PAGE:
Original Link | DailyReckoning by ZACH SCHEIDT
There’re Two Very Different Types of Life Insurance
The concept behind life insurance is pretty simple: You pay an insurance company a monthly premium for a specified number of years. And if you pass away during this time, the insurance company pays a lump sum to your loved ones.
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This type of “term” policy is extremely valuable for people like me — with a young family that counts on me to earn the money to cover day-to-day expenses. And for most individuals, this type of policy is fairly inexpensive. For about the same cost as my monthly water bill, my family can receive a couple million dollars to help with if expenses if I’m not around to take care of them.
Perhaps you are in a similar situation with loved ones that count on you for income or to provide care for kids or other family members.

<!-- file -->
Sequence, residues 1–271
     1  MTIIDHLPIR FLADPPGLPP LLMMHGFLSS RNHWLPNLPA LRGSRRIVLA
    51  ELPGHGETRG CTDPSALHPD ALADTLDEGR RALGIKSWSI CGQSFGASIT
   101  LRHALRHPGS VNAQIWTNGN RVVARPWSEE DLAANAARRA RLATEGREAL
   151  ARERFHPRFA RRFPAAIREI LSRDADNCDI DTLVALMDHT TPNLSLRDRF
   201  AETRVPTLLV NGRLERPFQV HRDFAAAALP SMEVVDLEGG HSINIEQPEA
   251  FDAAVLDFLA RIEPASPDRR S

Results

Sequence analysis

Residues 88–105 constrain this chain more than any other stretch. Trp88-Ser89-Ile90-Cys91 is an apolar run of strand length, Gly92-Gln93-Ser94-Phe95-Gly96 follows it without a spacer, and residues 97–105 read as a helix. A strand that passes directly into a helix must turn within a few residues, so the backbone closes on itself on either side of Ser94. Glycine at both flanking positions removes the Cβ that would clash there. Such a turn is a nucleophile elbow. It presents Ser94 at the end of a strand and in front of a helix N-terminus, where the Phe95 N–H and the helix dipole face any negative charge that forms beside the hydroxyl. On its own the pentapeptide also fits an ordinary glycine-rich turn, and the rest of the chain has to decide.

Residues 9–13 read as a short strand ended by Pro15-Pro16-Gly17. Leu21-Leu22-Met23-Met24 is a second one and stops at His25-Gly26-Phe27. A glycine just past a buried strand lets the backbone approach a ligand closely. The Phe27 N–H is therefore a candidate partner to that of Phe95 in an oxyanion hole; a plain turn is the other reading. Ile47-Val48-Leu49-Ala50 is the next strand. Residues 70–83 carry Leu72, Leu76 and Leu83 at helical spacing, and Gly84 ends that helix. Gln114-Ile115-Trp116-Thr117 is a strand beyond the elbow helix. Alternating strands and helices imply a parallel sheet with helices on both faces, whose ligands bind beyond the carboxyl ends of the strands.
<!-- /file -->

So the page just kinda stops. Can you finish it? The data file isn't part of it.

Unfortunately, while the basic concept behind life insurance is easy to understand, the life insurance industry has added nuances to these products that can make buying life insurance much more complicated.
A different type of life insurance that agents are aggressively selling is often referred to as “whole” life insurance. Incidentally, this is the type of insurance that my friend Jon was trying to sell me.
At its core, “whole” life insurance is similar to the “term” policy that I just showed you.
Except whole life insurance has a couple of added features. Features that you certainly pay for…
For one thing, whole life insurance policies typically have no expiration date. So if you buy a whole life insurance policy, it doesn’t matter if you die early, or if you die at a ripe old age. Either way, the policy will pay a sum of money to your beneficiaries.
Second, most whole life insurance plans have a “cash value” component.
The way this works, is that you pay extra to the insurance company and they accumulate that extra cash as part of your ultimate payout. Over time, that cash value is guaranteed to grow at a specific rate. And for some policies, the cash value can be used to pay for future monthly premiums.
Here’s a quick table I came across recently that explains the differences between term and whole life insurance.
No Such Thing as a Free Lunch